The Acorn Inn is close to many quaint towns and villages that are worth exploring.
Sherborne is, without doubt, one of the most beautiful towns in England. With its abundance of medieval buildings, Sherborne has much to offer visitors. A superb 1300 year old Abbey - an important early example of perpendicular architecture and burial place of two Saxon kings. Sherborne Abbey is one of only 18 churches awarded 5 stars in Simon Jenkins' England's Thousand Best Churches. The area also features picturesque Almshouse, two castles, and Cheap Street, lined with boutique shops, art galleries, delicatessens and coffee shops. Lunch at The Pear Tree, a lovely delicatessen and café.
Distance: 11.8 miles | Journey Time: 27 minutes
The National Trust's Montacute House is a Renaissance Manor House built of stone in 1588. It is filled with treasures and not only houses a fantastic exhibition of 17th textile samplers, it also has an arm of the National Portrait Gallery containing many Elizabethan paintings. 'Sense and Sensibility' was filmed here, as were scenes from 'Wolf Hall'. The ashes of the celebrated American poet TS Eliot are buried in the church. Nearby, in Sparkford, is the Hayne’s Motor Museum. This prestigious Museum offers an excellent day out for everyone. With more than 340 cars and bikes displayed in stunning style, dating from 1886 to the present day, it is the largest international motor museum in Britain. The Fleet Air Arm Museum at Yeovilton has the largest collection of naval aircraft in the world and a real Concorde.
Distance:nbsp;14 miles | Journey Time: 23 minutes
Lyme Regis, Forde Abbey, Mapperton and Beaminster
Travelling west from the hotel, head towards Beaminster, a town with a square of over 200 listed buildings, stopping off at Mapperton, famous for its sunken garden. Continue to Forde Abbey, formerly a Cistercian monastery founded in 1141, renowned for its award-winning gardens and still privately owned. From there, travel to the quaint seaside town of Lyme Regis, a former home of Jane Austen and the town where ‘The French Lieutenant’s Woman’ was filmed. There you can visit the Harbour Inn, Town Mill (cheesemonger, newly-opened micro-brewery, two art galleries, pottery, knitwear studio, ancient working flour mill and modern hydro-electric system) and Dinosaurland (the best collection of local Jurassic marine fossils, real Chinese dinosaurs and a 73 kg lump of dinosaur dung!). Lunch at the Mill Tea and Dining Room, or Lyme’s Fish Bar for the best fish and chips on the entire coast. Afternoon Tea at the Alexandra Hotel offers spectacular views over Lyme Bay from the garden and the conservatory.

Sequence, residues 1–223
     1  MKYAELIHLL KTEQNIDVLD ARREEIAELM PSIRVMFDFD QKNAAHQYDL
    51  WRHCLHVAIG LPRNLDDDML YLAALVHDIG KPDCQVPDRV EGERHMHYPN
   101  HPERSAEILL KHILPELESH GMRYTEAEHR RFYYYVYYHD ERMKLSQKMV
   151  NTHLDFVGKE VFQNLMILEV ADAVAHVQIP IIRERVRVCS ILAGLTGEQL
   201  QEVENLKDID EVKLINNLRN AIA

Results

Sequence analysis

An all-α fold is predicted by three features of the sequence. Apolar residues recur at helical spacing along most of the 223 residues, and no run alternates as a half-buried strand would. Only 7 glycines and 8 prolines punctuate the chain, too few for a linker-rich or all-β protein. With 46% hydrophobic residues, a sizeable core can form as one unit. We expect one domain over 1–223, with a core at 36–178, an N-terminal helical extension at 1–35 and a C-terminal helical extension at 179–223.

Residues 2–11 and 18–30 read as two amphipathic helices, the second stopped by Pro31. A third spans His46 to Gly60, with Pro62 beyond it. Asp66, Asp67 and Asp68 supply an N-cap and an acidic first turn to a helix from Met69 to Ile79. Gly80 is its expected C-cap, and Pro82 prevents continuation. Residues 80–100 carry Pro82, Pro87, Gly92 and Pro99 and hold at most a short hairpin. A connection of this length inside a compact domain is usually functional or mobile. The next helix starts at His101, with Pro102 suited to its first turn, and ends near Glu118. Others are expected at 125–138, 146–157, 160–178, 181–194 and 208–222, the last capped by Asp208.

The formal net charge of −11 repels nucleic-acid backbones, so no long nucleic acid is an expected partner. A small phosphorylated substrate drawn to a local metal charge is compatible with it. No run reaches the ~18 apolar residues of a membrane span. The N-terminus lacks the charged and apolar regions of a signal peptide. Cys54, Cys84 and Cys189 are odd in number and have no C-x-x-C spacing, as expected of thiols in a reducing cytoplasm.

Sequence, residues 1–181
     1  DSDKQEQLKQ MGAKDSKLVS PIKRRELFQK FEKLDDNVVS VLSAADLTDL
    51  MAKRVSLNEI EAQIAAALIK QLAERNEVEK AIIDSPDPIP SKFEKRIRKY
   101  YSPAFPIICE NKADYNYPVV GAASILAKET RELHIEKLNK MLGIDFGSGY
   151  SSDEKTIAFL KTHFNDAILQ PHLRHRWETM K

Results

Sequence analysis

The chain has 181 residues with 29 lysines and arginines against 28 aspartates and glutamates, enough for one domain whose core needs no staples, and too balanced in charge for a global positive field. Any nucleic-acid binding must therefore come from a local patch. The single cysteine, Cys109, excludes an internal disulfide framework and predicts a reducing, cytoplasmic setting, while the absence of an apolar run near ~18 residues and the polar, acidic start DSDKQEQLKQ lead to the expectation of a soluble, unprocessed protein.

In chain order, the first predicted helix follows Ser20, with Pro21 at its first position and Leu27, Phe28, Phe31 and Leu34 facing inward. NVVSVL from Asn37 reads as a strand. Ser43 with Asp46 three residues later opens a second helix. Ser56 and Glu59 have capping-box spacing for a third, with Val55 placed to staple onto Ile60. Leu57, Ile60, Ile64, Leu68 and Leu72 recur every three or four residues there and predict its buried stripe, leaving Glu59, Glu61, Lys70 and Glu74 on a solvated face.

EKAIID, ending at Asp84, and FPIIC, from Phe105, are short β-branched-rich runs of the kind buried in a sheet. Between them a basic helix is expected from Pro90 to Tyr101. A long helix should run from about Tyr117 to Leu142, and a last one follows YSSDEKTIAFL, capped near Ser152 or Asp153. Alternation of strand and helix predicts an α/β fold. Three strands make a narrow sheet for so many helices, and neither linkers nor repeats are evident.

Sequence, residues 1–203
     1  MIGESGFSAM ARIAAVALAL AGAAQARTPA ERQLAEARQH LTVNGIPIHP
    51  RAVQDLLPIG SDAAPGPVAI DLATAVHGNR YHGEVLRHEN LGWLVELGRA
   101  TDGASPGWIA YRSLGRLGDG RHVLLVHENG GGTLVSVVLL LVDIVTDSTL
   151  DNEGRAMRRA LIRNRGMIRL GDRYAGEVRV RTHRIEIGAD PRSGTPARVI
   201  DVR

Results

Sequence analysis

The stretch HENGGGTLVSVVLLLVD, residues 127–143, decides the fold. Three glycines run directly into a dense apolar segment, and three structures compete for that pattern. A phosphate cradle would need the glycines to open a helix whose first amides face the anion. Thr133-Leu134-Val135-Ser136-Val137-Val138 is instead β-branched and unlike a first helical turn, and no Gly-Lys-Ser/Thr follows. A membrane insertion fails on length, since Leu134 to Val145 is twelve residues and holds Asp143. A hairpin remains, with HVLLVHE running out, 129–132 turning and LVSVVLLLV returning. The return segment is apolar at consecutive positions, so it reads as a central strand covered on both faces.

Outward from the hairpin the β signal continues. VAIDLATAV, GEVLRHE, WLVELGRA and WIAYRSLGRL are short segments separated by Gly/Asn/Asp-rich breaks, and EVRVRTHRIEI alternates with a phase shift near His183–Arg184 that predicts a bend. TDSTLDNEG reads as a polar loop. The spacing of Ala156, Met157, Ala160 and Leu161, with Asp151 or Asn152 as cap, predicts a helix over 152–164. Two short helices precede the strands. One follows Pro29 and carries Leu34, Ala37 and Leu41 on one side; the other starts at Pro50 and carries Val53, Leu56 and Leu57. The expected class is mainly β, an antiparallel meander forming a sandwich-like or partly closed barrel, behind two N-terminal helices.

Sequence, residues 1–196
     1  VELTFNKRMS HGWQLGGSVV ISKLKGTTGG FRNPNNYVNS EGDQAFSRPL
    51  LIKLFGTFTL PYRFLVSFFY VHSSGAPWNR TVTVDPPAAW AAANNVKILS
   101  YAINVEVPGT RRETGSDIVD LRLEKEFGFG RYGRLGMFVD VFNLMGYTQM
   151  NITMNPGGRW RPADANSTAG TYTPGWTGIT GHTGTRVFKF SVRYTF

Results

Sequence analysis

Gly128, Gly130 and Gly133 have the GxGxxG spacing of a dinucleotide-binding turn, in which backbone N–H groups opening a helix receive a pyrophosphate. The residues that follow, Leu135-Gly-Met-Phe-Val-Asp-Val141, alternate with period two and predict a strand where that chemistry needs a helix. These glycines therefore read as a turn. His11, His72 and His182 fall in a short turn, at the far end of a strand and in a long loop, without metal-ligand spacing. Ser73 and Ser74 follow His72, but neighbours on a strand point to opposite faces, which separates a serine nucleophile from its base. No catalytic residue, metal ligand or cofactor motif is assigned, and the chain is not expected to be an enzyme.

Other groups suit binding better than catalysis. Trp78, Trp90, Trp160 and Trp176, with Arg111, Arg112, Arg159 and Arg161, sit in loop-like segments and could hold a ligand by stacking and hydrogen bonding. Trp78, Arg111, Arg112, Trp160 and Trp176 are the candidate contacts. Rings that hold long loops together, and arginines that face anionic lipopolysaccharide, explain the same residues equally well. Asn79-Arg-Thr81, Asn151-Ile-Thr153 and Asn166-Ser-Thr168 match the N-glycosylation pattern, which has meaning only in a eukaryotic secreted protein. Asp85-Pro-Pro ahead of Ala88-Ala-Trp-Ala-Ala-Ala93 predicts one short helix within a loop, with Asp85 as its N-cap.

Distance: 22.4 miles | Journey Time: 46 minutes
The entire village of Charmouth is a World Heritage site, and probably the best place to find the fossils constantly being exposed by the mudslides off the cliffs. Hammers are for hire (alongside the buckets and spades) from the smart heritage centre. Return to Bridport where you could lunch at The Bull Hotel. En route, visit Golden Cap, the highest point on the south coast. The view from here is, of course, spectacular.
Distance: 19.5 miles | Journey Time: 40 minutes
When Henry VIII dissolved the larger monasteries of England, he sold the lands forfeited from the Benedictine monks at Abbotsbury to the predecessors of the Ilchester family for whom Summer Lodge was built as a dower house. Abbotsbury, still owned nearly half a millennium later by the Ilchesters, is well worth a visit. Famous for its swannery, Abbey ruins, St Catherine’s hilltop chapel, tithe barn (now home to a children’s farm), and beautiful town crammed with pubs, coffee shops, antique stores and galleries, one should also visit the sub-tropical gardens and the 18 mile pebble barrier known as Chesil Beach.
Distance: 16.1 miles | Journey Time: 32 minutes
Lawrence of Arabia, Lulworth and Tyneham
Lawrence’s Cottage, Clouds Hill was chosen by him because of its proximity to Bovington camp where he was based. Bovington remains an army camp today and is also home to the world’s largest Tank Museum. Lawrence is buried in nearby Moreton. Lulworth is a short drive away, famous for its mock Jacobean Castle (where Emma Thompson’s ‘Nanny McPhee’ was filmed), horseshoe shaped harbour created about 10 000 years ago and of course, Durdle Door. A motorboat service will take you to Durdle Door by sea from where you can best observe this unbelievably beautiful coastline. Tyneham is also not far afield – a deserted and perfectly preserved village in a hidden valley.